The troubles of the U.S. education system are getting a big screen close-up.
There are no fewer than four education documentaries slated for release by the end of this year, including "Waiting for 'Superman,'" a poignant look at the lives of five children hoping to escape the dismal outcome of students at neighborhood public schools by winning entrance to a successful charter.
The film by Davis Guggenheim, the Oscar-winning director of "An Inconvenient Truth," has already created a stir in education circles and opens in New York and Los Angeles Friday.
Those in the education community hope the films will do for education what "An Inconvenient Truth" did for the environmental movement by putting a much-needed spotlight on the failures of schools in America.
"In the education reform world, for the last 15 years, people have been saying, 'We need a movie, like a big movie, to come along and tell people what is really going on," said Joe Williams, the president of Democrats for Education Reform. "Now in one year we've got more than we can handle."
Also on the list for red carpet treatment: "Race to Nowhere," created by a mother-turned activist upset at a high-stakes test culture in public education; "The Lottery," which profiles four Harlem children hoping to win a slot at a charter school; and "Lunch Line," a look at the history of school lunch.
Critics say the films, in particular "Waiting for 'Superman'" and "The Lottery," provide an overly simplified viewpoint that hold charter schools up as a universal solution and paint teachers and unions as enemies to change.
"I'm afraid our members will think they're demonizing us," said John Wilson, executive director of the 3.2 million member National Education Association. "They're judging us by the worst of us, instead of the best of us. For our members, it's not going to be that uplifting."
But education reformers — and filmmakers like Guggenheim and Vicki Abeles from "Race to Nowhere" — say the unions have had years to improve education with little success as test scores lag nationally and high school dropout rates dominate.
"Educators know this isn't working for the kids and they don't feel empowered to make a difference. The film is doing a tremendous job of empowering people," said Abeles, who lives in Lafayette, Calif.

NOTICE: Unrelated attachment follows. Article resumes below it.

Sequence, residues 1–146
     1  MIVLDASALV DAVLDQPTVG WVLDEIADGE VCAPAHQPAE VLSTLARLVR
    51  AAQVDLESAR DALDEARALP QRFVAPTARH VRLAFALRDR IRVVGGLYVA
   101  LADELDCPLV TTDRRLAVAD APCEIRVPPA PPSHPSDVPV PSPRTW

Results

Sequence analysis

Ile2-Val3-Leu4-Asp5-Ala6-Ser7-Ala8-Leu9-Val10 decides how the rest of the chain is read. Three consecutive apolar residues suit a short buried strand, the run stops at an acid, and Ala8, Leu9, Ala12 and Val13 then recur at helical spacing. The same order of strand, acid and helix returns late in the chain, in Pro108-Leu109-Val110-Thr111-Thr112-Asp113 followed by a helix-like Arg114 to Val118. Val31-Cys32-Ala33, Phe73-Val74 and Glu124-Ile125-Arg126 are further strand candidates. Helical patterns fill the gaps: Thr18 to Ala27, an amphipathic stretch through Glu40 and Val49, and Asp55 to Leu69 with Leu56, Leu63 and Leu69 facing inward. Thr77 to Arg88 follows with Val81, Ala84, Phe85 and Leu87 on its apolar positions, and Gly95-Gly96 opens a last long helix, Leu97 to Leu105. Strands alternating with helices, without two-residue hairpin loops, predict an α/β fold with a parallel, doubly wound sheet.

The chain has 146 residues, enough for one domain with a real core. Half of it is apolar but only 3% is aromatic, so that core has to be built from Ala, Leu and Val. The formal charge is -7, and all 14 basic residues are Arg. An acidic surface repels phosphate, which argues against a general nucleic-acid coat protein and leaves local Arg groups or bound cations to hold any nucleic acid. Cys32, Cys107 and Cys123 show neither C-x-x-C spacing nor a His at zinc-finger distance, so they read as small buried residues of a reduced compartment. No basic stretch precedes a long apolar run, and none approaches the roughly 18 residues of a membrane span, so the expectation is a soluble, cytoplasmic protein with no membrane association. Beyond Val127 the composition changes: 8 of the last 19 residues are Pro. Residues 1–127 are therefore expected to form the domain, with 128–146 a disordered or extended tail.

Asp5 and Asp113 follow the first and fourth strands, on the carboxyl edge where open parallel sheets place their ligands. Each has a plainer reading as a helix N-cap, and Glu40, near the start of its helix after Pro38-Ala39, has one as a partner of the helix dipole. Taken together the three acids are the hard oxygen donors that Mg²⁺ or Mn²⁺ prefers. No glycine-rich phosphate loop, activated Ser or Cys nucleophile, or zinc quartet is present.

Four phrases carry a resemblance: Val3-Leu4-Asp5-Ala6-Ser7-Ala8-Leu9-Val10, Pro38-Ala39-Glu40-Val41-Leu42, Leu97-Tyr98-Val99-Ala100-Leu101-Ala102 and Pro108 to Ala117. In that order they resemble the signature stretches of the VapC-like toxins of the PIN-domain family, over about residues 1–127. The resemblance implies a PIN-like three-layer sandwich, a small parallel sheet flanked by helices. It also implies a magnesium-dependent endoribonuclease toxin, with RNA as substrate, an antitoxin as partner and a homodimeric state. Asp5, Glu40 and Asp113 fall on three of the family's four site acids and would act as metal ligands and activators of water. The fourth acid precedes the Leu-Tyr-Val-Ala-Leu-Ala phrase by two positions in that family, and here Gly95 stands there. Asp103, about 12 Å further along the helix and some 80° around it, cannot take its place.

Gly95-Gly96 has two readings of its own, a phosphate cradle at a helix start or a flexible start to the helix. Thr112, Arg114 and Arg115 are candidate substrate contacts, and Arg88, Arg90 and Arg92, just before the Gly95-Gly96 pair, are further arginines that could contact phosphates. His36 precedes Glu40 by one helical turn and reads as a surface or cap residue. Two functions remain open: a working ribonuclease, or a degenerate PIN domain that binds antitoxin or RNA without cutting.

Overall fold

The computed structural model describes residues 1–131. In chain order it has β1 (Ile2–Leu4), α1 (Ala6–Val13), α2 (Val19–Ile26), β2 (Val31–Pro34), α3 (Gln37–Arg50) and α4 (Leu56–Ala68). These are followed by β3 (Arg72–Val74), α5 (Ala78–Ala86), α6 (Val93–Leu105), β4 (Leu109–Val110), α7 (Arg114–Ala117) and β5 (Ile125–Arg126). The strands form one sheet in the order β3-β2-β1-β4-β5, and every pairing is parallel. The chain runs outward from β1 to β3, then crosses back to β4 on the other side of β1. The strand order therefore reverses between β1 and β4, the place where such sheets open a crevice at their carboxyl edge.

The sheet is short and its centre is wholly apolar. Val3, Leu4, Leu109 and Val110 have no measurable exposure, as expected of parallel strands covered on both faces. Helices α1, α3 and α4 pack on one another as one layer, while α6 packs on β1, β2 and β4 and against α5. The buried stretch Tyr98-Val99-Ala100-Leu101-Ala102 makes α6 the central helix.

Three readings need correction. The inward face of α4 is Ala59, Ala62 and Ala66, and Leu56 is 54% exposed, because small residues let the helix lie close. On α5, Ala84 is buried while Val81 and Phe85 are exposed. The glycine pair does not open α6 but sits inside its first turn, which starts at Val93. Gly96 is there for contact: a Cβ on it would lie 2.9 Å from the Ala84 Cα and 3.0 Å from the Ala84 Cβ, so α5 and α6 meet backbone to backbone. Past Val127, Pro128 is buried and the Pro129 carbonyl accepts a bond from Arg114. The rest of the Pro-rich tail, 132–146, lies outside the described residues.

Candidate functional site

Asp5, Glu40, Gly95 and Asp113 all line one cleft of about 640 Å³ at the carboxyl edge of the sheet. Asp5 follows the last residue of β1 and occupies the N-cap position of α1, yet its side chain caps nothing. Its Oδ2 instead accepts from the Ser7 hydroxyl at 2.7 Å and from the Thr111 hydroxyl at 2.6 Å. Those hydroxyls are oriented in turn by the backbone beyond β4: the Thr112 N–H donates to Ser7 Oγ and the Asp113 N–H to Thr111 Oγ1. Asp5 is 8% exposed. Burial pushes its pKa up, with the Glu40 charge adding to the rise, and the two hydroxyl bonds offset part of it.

Her documentary focuses on the health problems school children have because of stress at school — from stomach aches to depression to drug abuse. Abeles decided to make the film after she saw her own three children suffer physically as they plowed through four or five hours of homework each night after coming home from soccer practice or play rehearsal.
She advocates for parents and schools to reduce how much homework children are given and to help kids focus on being children rather than little adults with resumes.
"Everyone expects us to be superheroes," one student says in the film.
National experts say the films are symptomatic of a culture where young professionals who worked for Teach For America or other organizations that place newly minted college graduates in inner-city schools are having their own children. They see the disparities between what their kids have and what they saw when they were teaching.
"I think a lot of really bright, smart, creative people have gotten involved in the problems of urban education and they are willing to take a fresh look at how to solve the problems," said Richard Lee Colvin, executive director of Columbia University's Hechinger Institute on Education and the Media. "I think that's really the heart of it."
"Waiting for 'Superman'" opens with Guggenheim reflecting on his decision to send his children to a private school in Los Angeles. As they drive to class each day, the family passes by three public schools. Parents believe in the idea that every child should get a great education, Guggenheim says.
"And then when it comes time to choose a school, your priorities shift," Guggenheim said at a recent screening at the Toronto Film Festival. "You go to this place of, I will do anything for my kid, and you don't care what it is."
The film follows Daisy, a driven Los Angeles fifth-grader who dreams of becoming a doctor or a nurse; Anthony, of Washington, D.C., who wants to study and escape the path that led his father to a fatal drug addiction; Bianca and Francisco, both from struggling New York City neighborhoods but who have determined, relentless parents; and Emily, a middle-school student from Silicon Valley who worries about getting into college.
Each places their future in the hope they'll get into a high-performing charter school, which have public funding but their own set of rules. High demand means there isn't a seat for everyone. Students are picked in a lottery.
Teacher unions, painted as being a roadblock to reform, say the film does a disservice by focusing only on charters, when public schools are the only institution that can guarantee every child a quality education.
"My challenge to the David Guggenheims of the world is, 'Come back to public schools and bring your support and enthusiasm and resources to make those schools work," Wilson said.
Guggenheim said he is not blaming unions for all the ills of public education. He said the film also points a finger at politicians, school bureaucrats and others.
"The union piece probably screams the loudest, but I'm tough on all the adults starting with myself," he said.
AP Movie Writer David Germain and writer Karen Matthews in New York contributed to this report.